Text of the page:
Traditional Knowledge for Sustainability: Land use Planning among the Gitxaala of British Columbia, Canada

Project Contributor: Charles Menzies

Traditional fishing site in Gitxaala territory showing beach at low tide, with ancient stone fish traps (semi-circular) visible in the intertidal zone. Credit: Tristan Menzies

For many generations, the Gitxaala people have lived in their territories along the north coast of what is now British Columbia, Canada. Gitxaala laws (Ayawwk) and history (Adaawk) describe in precise detail the relationships of trust, honour and respect that are appropriate for the well-being and continuance of the people, and also define the rights of ownership over land, sea and resources within the territory. However, with the arrival of the first K’mksiwah (Europeans) in Gitxaala territory in the late 1780s, new forms of resource extraction appeared that ignored, demeaned and displaced the importance of the Ayaawk and Adaawk in managing the Gitxaala territories. The new industries (such as forestry, fishing, mining) have relied almost completely upon European science for management and regulation. During the last two decades, there has been a turn-around, and the value of traditional ecological knowledge (TEK), such as that reflected in the Gitxaala Adaawk and Ayaawk, has been increasingly recognized.

The project “Forests and Oceans for the Future”  is a collaboration between community members from the Gitxaala Nation, a Tsimshian First Nation in British Columbia, and anthropological researchers from the University of British Columbia (UBC). The principal focus of the project is the use of Gitxaala traditional ecological knowledge for provincial government land use planning. From conception through implementation, revision, and reporting back to the whole community, collaboration and respectful research practices are the central and fundamental principle of the work, where research is viewed as a long-term relationship. Implementing this approach is not a straightforward application of rules of conduct, but instead is built upon a conception of research as a long-term relationship – which requires goodwill, commitment, and compromise.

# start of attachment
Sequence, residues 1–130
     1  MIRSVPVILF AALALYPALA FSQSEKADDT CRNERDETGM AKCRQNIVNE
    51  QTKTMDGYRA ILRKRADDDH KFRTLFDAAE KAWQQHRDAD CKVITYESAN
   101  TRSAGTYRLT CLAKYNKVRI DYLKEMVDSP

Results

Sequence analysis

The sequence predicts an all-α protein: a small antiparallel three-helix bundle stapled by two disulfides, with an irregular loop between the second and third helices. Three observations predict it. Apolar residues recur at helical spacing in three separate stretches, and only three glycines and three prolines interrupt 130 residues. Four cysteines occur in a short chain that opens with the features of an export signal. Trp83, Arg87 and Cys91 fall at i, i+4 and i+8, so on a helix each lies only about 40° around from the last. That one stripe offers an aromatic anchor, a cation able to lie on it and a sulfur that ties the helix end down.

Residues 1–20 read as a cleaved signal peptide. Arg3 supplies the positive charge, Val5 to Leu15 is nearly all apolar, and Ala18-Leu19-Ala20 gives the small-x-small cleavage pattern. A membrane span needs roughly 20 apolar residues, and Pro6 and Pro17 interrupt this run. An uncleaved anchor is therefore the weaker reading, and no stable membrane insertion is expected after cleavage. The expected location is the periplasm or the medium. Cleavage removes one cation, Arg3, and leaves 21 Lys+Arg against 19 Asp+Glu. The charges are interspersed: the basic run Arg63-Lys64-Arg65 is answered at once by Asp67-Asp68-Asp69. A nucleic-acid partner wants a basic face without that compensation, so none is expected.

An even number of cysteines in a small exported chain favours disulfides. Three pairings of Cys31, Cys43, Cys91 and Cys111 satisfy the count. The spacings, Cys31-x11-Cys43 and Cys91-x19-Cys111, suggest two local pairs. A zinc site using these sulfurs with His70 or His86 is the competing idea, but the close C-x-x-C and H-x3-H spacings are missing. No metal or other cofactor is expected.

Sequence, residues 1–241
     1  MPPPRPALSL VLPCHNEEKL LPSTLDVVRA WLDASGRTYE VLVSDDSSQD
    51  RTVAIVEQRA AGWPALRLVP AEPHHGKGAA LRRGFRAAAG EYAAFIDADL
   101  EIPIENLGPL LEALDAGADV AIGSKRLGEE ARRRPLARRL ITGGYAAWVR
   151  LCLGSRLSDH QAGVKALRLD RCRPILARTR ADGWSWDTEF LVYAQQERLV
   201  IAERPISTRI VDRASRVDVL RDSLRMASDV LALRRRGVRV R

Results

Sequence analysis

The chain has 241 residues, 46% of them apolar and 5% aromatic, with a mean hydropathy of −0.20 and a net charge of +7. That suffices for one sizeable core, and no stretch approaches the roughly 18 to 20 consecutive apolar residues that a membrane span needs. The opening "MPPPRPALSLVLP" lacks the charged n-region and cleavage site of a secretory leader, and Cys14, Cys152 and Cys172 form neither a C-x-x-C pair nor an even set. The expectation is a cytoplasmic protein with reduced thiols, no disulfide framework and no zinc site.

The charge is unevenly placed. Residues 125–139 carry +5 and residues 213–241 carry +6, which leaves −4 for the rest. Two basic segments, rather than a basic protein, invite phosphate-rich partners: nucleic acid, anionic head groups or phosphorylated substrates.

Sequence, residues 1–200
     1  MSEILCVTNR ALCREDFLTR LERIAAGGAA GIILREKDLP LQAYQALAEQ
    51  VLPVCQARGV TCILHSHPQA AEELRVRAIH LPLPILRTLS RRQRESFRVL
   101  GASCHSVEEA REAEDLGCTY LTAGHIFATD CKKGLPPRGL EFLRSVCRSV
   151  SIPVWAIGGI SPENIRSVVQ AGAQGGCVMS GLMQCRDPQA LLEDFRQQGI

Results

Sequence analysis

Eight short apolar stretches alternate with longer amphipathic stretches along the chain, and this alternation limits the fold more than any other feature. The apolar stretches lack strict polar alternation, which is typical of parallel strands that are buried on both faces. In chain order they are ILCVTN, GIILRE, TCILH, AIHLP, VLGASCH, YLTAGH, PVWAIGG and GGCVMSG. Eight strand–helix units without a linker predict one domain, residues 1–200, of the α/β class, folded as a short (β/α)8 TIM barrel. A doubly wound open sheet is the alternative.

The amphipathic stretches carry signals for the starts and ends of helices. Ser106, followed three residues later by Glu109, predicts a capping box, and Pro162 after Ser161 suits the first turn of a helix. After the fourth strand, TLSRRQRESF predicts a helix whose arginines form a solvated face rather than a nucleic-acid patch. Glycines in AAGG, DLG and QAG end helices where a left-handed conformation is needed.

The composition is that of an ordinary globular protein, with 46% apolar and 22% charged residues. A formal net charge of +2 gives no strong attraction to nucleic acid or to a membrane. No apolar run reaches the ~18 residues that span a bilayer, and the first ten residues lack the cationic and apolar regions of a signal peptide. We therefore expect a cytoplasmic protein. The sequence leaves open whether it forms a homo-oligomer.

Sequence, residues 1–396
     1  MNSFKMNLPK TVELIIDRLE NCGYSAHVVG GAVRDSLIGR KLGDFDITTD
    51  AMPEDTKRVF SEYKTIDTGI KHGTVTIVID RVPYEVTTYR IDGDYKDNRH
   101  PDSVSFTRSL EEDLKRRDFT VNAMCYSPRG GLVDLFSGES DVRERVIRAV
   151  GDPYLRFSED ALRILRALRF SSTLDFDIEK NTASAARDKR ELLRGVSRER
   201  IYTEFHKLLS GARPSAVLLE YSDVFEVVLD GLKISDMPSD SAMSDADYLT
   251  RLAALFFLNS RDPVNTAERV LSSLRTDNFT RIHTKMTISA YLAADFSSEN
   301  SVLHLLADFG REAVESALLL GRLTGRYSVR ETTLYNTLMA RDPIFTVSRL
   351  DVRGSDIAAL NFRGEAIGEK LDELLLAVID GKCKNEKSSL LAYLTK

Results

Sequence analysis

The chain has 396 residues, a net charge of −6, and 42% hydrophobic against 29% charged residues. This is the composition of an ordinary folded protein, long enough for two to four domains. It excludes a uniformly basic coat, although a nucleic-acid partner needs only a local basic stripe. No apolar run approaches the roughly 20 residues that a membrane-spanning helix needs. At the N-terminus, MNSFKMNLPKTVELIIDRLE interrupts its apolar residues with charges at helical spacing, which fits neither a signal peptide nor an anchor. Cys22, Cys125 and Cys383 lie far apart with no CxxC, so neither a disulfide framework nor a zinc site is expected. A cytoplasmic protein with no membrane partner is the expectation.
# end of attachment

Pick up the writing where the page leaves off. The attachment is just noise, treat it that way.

A key component of this project is to document and facilitate the deployment of customary forms of governance among the Gitxaala that regulate human action within the environment, acting to conserve and enhance biodiversity and leading to long-term sustainability within the Gitxaala traditional territory. Policy development and evaluation is another key component of the project and involves research designed for use within the provincial government’s Land Resource Planning Process (LRMP). Project team members contributed to preparing and presenting reports on the Gitxaala informal economy and TEK for use in the North Coast LRMP. Public education materials have been developed to facilitate the sharing of knowledge and understanding of the issues, controversies and concerns related to forestry and natural resources. These materials were inspired by the experiences of students and community members living within the Tsimshian territory of British Columbia. Seven papers based on Forests for the Future Research were published in Volume 28 (1 & 2) of the Canadian Journal of Native Education and are available online (http://www.ecoknow.ca/journal/index.html). These papers are one of the outcomes of this unique collaboration between anthropology researchers from UBC and community members from Gitxaala. Project results suggest that rather than to macro-level planning authorities, resource management should be devolved to local-level organizations in conjunction with non-aboriginal people living within the territories. Individuals, agencies or corporations based outside the region should have a restricted role and limited access to resources and decision-making authority in the local arena.

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